For some reason, many of us believe our personal auto insurance protects us if we damage a dealer’s or private party’s car while taking it for a short spin – no pun intended. Test driving a car before you buy it, no matter who owns it, is always a good idea. But, crashing it into another vehicle or stationary object is not. And, what follows can be confusing.
“Non-owned cars” not covered
Are you moving, but have to put your stuff in a storage facility until your new home is available? There’s no doubt storage facilities are a convenient way to dispose of excess stuff you no longer have room for in your garage or a place to keep your furnishings temporarily while the new tile and wood flooring are installed throughout your house.
This is actually a growing trend in America, with one in every ten U.S. households renting a storage unit, according to the Self-Storage Association. But, the question is – would your homeowners insurance or renters insurance cover the loss of your stuff in storage if it were stolen, damaged or destroyed?
The simple answer is probably. Most standard homeowners and renters policies include personal property coverage, which protects your belongings, such as clothes, appliances, electronics and furniture, from certain risks when they’re considered away from home. However, while the personal property you’ve place in a storage unit is covered to some extent, the National Association of Insurance Commissioners warns that exclusions and limitations may apply.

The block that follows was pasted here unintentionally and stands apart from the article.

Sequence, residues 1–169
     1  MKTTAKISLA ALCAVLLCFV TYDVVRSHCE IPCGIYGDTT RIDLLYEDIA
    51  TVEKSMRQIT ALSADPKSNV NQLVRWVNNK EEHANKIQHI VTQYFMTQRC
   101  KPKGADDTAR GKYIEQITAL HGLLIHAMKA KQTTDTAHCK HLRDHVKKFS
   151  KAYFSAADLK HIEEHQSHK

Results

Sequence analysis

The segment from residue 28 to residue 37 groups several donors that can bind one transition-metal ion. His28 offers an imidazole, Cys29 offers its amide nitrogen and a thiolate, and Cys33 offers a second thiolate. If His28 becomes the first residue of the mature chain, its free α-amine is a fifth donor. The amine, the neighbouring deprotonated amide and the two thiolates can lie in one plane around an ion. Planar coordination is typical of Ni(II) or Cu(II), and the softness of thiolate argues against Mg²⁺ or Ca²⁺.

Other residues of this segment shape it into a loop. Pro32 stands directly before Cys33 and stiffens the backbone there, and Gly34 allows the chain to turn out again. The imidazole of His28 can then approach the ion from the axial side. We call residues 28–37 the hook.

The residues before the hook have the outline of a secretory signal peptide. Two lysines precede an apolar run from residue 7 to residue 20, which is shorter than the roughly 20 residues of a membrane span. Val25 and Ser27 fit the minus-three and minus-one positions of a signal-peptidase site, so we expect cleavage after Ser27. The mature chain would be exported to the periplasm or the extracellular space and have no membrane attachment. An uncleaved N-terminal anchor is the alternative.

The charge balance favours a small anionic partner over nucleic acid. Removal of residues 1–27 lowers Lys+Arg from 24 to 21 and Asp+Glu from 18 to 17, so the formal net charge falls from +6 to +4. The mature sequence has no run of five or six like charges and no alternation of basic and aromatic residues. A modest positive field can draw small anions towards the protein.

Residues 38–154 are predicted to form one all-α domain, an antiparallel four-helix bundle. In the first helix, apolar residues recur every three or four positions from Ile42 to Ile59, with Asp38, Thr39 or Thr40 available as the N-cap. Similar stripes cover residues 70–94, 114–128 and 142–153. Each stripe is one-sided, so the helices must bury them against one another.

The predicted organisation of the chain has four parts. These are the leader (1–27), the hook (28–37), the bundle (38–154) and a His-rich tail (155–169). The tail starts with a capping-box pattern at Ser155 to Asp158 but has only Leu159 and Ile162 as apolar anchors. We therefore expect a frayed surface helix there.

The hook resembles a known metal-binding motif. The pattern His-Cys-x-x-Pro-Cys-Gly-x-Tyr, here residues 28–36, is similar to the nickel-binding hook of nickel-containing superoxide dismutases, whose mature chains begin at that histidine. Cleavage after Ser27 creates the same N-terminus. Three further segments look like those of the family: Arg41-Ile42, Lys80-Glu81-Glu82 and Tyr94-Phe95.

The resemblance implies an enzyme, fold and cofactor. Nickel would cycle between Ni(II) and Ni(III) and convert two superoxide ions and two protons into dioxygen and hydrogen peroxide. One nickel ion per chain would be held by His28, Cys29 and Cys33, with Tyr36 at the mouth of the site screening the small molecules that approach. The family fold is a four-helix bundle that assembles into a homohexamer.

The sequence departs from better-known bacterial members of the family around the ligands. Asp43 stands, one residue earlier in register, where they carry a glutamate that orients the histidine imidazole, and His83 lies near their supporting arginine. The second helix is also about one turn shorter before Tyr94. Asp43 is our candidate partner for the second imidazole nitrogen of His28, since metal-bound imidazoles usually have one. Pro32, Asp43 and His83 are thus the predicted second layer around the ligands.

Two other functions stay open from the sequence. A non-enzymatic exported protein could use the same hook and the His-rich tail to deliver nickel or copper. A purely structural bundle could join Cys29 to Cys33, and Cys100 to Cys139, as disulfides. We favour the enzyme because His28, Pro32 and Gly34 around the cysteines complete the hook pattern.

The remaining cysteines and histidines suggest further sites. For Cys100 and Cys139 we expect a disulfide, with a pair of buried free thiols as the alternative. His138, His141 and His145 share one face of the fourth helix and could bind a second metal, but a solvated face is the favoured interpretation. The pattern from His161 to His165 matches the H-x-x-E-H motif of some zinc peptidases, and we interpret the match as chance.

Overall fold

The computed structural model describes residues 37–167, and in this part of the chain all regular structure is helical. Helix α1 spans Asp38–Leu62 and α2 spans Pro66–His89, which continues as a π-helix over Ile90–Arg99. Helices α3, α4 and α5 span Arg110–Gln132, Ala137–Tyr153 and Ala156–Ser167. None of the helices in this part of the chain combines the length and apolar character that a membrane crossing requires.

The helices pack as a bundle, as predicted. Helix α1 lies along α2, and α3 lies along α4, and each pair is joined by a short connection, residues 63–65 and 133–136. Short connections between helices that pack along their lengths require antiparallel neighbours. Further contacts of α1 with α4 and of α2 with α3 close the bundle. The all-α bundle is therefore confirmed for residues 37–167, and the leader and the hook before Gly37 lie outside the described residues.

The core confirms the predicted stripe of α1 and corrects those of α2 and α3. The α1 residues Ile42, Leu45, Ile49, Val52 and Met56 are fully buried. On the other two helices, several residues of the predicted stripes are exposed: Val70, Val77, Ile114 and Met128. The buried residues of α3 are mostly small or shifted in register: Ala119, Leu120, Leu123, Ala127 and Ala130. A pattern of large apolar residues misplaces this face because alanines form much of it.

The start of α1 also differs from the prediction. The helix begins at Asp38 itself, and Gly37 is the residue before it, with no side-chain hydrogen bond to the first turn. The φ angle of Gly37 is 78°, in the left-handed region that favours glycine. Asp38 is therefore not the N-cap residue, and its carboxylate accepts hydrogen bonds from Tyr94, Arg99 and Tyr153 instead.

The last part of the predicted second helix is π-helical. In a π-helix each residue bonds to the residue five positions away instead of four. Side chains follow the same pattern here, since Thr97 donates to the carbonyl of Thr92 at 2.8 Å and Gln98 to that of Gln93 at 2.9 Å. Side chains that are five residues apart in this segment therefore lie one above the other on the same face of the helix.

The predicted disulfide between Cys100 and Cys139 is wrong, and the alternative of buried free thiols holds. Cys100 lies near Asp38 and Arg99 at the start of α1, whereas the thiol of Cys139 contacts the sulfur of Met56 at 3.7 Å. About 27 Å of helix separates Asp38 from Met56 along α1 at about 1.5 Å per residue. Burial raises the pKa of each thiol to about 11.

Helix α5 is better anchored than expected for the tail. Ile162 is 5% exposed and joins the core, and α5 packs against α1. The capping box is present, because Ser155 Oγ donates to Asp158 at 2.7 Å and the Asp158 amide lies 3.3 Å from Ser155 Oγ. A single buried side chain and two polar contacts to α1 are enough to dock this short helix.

Some policies limit coverage
For instance, some policies limit coverage for off-property losses to 10% of your total insurance policy. In other words, if you currently have $75,000 in personal property coverage under your homeowners policy, your stuff stored off-premises may be capped at $7,500.
Also, don’t expect your homeowners insurance or renters insurance to cover your stored items for loss due to flooding, mold, mildew, earthquakes, rodent or insect damage or negligent maintenance. Additional coverage would be required and may not be available.
Furthermore, what you’ve placed in the storage unit will dictate if you’re covered and how much reimbursement you can look forward to should you suffer a loss. Unless you purchase an additional rider or endorsement, standard homeowners and renters insurance policies have restrictions on expensive artwork, jewelry, and valuable coin, baseball card, and gun collections. The same restrictions extend to off-premises storage.
A more secure environment
If you own extremely valuable or irreplaceable items, you may want to consider a more secure environment than a run-of-the-mill storage unit – unless the place is run like Fort Knox. Therefore, should the value of your stored items be greater than your off-premises coverage, you may want to consider options that may help further protect your belongings, including:
• Increasing your coverage limits.
• Increasing the coverage on your high-value items.
• Obtaining self-storage insurance, if available, from the facility.
Any way you look at it, your stuff is valuable to you, if to nobody else. Check your homeowners insurance or renters insurance policy to learn how much coverage you have for your prized items.
And, if you’d like to see how much you could save by switching insurers, why not get a free online homeowners insurance quote today?